The archeology in Algeria is rich in prehistoric memorials of human occupation. Algeria contains many Roman remains and is rich in monuments of Saracenic art.
Algeria has many megalithic remains, of which nearly every known kind has been found in the country. Numerous flints of palaeolithic type have been discovered, notably at Tlemcen and Kolea. Near Djelfa, in the Great Atlas, and at Mechra-Sfa ("ford of the flat stones"), a peninsula in the valley of the river Mina not far from Tiaret, are vast numbers of megalithic monuments.
Notable among the prehistoric cultures of the area is the Capsian culture, whose shell-mounds are found throughout the north.
Madghacen is a monument similar to the Qabr-er-Rumia, but older. It was built around 150 B.C. as the burial place of the Numidian kings, and is situated 35 miles (56 km) southwest of Constantine. The form is that of a truncated cone, placed on a cylindrical base, 196 ft (60 m) in diameter. It is 60 ft (18 m) high. The columns encircling the cylindrical portion are stunted and much broader at the base than the top; the capitals are Doric. Many of the columns, 60 in number, have been much damaged. When the sepulchral chamber was opened in 1873 by Bauchetet, a French engineer officer, clear evidence was found that at some remote period the tomb had been rifled and an attempt made to destroy it by fire.
The Qabr-er-Rumia-- best known by its French name, Tombeau de la Chrétienne (grave of the Christian lady), tradition making it the burial-place of Florinda, la Cava Rumía, the beautiful and unfortunate daughter of Count Julian--is near Kolea, and is known to be the tomb of the Mauretanian king Juba II and of his wife Cleopatra Selene, daughter of Mark Antony and Cleopatra, queen of Egypt. It is built on a hill 756 ft (230 m) above the sea. A circular stone building surmounted by a pyramid rests on a lower platform, 209 ft (64 m) square.
Originally the monument was about 130 ft (40 m) in height, but it has been wantonly damaged. Its height is now 100 ft 8 in (30.68 m): the cylindrical portion 36 ft 6 in (11.13 m), the pyramid 64 ft 2 in (19.56 m) The base, 198 ft (60 m) in diameter, is ornamented with 60 engaged Ionic columns. The capitals of the columns have disappeared, but their design is preserved among the drawings of James Bruce, the African traveller.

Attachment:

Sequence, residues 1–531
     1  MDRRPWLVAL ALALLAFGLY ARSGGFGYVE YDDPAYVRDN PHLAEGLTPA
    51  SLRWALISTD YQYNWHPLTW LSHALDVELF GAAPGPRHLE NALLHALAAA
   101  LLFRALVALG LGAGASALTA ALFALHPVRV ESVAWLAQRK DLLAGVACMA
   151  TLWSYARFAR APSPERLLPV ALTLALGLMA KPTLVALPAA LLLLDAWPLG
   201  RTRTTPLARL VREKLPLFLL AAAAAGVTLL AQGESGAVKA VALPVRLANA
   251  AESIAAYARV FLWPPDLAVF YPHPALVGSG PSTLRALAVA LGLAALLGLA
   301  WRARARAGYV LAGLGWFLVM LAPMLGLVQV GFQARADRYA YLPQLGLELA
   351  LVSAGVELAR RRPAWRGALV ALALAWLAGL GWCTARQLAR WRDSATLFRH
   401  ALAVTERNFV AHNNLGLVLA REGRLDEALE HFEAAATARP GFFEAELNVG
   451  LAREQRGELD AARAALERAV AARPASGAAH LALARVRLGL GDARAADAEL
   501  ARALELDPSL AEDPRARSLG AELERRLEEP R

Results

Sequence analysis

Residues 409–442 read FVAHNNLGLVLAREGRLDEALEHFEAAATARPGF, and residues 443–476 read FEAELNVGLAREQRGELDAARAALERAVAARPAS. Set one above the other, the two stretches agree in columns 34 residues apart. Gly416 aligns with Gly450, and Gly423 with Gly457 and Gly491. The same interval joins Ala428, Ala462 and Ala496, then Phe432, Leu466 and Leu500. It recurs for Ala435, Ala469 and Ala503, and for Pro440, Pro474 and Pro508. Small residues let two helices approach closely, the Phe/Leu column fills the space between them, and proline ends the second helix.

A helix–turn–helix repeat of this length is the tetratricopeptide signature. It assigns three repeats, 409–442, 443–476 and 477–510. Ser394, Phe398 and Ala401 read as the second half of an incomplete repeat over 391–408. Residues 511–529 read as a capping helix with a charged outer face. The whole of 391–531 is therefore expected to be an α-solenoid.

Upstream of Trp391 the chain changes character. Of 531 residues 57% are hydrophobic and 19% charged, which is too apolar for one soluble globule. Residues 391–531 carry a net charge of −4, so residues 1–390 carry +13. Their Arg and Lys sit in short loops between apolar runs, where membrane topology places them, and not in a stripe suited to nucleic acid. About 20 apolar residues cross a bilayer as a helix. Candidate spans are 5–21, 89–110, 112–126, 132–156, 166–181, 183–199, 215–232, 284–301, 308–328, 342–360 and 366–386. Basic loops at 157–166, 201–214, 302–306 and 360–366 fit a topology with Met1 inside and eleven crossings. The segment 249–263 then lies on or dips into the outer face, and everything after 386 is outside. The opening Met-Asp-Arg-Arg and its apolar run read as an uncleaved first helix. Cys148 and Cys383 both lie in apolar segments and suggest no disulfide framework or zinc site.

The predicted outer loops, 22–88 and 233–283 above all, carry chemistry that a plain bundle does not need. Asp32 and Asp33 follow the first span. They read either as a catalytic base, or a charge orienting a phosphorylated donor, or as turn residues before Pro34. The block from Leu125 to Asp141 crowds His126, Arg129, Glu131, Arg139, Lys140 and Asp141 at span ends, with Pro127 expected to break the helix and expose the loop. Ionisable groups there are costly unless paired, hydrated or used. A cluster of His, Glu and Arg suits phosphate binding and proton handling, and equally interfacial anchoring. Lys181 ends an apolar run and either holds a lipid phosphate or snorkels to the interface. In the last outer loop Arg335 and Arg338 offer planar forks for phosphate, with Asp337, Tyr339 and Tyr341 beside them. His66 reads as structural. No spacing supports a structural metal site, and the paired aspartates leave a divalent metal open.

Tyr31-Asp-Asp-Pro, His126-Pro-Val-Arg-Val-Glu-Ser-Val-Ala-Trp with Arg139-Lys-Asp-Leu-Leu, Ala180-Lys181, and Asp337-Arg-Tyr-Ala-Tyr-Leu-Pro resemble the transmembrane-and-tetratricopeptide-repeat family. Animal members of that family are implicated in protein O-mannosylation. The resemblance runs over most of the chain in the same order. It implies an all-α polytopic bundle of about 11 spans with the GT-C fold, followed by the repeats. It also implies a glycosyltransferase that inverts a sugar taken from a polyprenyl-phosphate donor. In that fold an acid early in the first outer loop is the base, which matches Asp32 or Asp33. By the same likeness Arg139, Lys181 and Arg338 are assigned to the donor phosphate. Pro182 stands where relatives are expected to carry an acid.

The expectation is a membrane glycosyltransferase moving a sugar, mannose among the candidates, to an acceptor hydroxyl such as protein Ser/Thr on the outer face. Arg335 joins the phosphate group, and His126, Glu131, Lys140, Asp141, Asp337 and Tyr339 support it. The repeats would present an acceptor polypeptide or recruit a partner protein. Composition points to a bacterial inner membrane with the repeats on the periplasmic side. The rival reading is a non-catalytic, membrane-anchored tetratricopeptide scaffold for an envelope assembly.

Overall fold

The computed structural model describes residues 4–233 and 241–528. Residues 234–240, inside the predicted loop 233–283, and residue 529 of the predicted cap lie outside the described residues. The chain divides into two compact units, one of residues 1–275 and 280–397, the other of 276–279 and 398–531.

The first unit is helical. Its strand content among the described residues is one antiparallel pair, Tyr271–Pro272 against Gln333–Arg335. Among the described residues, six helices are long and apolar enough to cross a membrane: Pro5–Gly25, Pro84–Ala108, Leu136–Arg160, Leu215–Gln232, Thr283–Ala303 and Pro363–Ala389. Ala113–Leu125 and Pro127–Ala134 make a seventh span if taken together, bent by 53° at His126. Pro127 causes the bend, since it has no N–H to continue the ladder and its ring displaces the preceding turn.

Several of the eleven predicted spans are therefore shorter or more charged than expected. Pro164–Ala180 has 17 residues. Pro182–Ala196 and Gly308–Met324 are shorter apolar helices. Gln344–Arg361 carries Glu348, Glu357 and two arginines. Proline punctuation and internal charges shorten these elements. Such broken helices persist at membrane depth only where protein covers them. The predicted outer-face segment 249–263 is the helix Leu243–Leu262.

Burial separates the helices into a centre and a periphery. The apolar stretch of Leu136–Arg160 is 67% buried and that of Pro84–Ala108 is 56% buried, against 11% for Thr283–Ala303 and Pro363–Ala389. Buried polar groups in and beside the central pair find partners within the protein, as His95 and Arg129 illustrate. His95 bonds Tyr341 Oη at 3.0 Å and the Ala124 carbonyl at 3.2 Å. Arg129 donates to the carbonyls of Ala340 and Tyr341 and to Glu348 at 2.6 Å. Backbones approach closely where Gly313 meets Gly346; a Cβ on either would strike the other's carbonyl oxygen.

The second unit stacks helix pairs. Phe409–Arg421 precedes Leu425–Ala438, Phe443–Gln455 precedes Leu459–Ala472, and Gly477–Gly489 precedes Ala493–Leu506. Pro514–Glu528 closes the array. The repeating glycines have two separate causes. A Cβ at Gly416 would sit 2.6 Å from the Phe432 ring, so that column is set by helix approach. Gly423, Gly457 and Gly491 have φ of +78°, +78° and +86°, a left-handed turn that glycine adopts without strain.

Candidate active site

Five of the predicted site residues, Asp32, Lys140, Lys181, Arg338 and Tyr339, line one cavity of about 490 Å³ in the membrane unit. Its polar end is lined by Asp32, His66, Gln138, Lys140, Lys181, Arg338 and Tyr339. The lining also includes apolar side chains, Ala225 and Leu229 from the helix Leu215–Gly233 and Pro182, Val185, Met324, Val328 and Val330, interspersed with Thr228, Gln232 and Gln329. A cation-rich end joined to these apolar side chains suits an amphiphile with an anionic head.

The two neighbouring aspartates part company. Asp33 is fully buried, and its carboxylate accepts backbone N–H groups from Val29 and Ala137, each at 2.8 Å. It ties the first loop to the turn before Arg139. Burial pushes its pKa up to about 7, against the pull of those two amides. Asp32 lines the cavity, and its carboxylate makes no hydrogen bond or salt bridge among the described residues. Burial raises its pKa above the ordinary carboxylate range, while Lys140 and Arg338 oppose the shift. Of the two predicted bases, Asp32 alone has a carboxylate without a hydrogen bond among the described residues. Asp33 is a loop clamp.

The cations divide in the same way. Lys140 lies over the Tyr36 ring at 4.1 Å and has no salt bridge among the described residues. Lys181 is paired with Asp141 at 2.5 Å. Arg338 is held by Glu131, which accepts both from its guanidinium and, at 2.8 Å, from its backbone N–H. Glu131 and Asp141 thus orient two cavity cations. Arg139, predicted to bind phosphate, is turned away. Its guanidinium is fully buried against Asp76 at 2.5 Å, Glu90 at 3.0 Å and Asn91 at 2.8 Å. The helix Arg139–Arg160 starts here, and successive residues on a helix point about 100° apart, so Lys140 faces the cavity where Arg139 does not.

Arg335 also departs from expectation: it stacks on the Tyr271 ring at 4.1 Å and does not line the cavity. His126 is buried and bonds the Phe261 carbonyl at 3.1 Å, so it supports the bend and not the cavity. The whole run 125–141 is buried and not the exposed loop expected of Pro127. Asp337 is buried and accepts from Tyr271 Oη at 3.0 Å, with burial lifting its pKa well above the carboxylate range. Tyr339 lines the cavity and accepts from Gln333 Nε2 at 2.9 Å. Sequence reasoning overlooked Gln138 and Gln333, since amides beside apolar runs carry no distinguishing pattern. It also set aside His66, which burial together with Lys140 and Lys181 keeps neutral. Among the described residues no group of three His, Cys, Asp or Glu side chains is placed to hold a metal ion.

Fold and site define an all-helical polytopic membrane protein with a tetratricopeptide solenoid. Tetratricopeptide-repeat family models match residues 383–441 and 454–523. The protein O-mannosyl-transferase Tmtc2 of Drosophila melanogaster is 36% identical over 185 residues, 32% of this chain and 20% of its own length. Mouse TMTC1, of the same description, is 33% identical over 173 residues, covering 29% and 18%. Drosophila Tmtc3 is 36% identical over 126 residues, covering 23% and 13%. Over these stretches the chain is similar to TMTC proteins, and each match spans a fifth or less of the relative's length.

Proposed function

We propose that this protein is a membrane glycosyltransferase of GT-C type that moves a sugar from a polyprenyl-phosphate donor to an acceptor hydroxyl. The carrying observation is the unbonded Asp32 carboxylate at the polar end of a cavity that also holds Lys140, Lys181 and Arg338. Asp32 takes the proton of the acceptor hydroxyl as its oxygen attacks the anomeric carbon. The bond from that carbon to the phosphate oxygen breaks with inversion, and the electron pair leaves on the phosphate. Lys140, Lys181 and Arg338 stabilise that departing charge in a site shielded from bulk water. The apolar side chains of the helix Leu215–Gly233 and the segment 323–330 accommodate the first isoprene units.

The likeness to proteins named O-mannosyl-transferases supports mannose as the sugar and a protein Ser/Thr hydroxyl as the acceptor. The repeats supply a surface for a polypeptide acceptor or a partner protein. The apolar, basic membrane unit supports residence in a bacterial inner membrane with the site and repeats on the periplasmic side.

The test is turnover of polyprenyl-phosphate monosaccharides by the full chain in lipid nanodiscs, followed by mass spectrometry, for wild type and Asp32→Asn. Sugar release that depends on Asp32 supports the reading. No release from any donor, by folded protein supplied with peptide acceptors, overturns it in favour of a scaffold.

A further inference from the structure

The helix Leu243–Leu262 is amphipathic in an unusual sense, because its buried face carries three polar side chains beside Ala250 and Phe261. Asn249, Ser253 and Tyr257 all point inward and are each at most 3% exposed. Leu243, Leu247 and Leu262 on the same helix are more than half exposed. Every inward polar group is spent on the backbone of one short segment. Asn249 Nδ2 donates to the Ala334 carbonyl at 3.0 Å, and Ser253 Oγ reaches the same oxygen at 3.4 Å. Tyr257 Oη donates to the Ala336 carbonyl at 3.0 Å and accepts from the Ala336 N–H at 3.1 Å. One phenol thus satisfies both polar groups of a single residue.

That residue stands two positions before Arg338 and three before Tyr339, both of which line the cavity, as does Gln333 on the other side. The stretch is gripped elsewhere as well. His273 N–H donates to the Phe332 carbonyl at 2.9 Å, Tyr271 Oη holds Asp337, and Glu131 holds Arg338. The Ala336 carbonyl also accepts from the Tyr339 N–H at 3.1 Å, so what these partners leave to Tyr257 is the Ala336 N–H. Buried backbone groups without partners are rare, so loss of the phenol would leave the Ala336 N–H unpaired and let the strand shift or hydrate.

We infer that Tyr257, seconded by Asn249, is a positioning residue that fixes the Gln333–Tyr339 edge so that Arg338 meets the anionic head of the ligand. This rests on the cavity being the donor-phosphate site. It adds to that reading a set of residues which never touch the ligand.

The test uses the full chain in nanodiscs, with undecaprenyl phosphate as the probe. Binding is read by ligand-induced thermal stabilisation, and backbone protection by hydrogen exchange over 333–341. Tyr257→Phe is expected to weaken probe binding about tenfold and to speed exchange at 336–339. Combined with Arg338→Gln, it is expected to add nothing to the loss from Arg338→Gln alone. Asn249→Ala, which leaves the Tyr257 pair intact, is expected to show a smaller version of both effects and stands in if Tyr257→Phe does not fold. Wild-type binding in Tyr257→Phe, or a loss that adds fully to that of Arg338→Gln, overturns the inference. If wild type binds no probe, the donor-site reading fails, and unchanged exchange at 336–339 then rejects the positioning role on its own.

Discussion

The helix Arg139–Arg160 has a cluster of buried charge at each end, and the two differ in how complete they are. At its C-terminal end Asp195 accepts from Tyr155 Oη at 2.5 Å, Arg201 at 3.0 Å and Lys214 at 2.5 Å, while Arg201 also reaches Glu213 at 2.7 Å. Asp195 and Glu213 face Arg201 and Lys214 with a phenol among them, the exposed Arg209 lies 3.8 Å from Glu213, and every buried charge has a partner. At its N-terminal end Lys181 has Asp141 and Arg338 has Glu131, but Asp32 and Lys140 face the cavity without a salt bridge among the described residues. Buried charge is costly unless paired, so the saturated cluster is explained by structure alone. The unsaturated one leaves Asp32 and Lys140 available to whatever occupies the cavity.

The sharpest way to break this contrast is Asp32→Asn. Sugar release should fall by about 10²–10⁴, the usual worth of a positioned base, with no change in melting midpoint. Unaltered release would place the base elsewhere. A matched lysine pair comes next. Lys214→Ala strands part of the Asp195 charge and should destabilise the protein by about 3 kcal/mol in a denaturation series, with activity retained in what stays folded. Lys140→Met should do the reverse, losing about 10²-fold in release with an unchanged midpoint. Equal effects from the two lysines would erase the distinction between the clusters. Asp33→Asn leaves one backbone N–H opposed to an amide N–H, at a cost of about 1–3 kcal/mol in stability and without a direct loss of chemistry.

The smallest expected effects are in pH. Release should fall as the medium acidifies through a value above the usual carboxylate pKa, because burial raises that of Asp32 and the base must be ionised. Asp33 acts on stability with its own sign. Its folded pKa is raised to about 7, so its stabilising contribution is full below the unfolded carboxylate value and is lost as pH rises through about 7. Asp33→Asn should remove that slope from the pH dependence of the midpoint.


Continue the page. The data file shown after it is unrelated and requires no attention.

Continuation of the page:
In the centre of the tomb are two vaulted chambers, reached by a spiral passage or gallery ft broad (2.0 m), about the same height, and 489 ft long (149 m). The sepulchral chambers are separated by a short passage, and are cut off from the gallery by stone doors made of a single slab which can be moved up and down by levers, like a portcullis. The larger of the two chambers is 142 ft (43 m) long by 11 ft (3.4 m) broad and 11 ft (3.4 m) high. The other chamber is somewhat smaller.
The tomb was previously looted, probably in search of treasure. In 1555, Salah Rais, pasha of Algiers, set men to work to pull it down, but the records say that the attempt was given up because big black wasps came from under the stones and stung them to death. At the end of the 18th century, Baba Mahommed tried in vain to batter down the tomb with artillery. In 1866 it was explored by order of the emperor Napoleon III, the work being carried out by Adrien Berbrugger and Oscar Maccarthy.
The Jedars (Arabic "walls" or "buildings") is the name given to a number of sepulchral monuments placed on hill-tops. A rectangular or square podium is in each case surmounted by a pyramid. The tombs date from the 5th to the 7th century of the Christian era, and lie in two distinct groups between Tiaret and Frenda. Frenda, which has largely preserved its old Berber character, has numerous dolmens and prehistoric rock sculptures close by.
Tassili n'Ajjer is a national park in the Sahara desert, located on a vast plateau in south-east Algeria, covering an area of over 72,000 km2 (28,000 sq mi). It has one of the most important groupings of prehistoric cave art in the world, and was inducted into UNESCO's World Heritage Site list in 1982.
Tassili n'Ajjer is known in the New Age culture for its Fungoid rock art, the primitive yet elaborate drawings of psychedelic mushrooms that hints on a shamanic consumption of those plants by the native people of this land.
In November 2018, archeologists in Algeria announced the discovery, on the site of Ain Boucherit near Sétif, of what seems to be stone tools (similar to Oldowans) and cut animal bones dated back to 2.4 million years old. This discovery turned Ain Boucherit into the oldest human site known today, and shook the theory of East Africa being the cradle of humanity.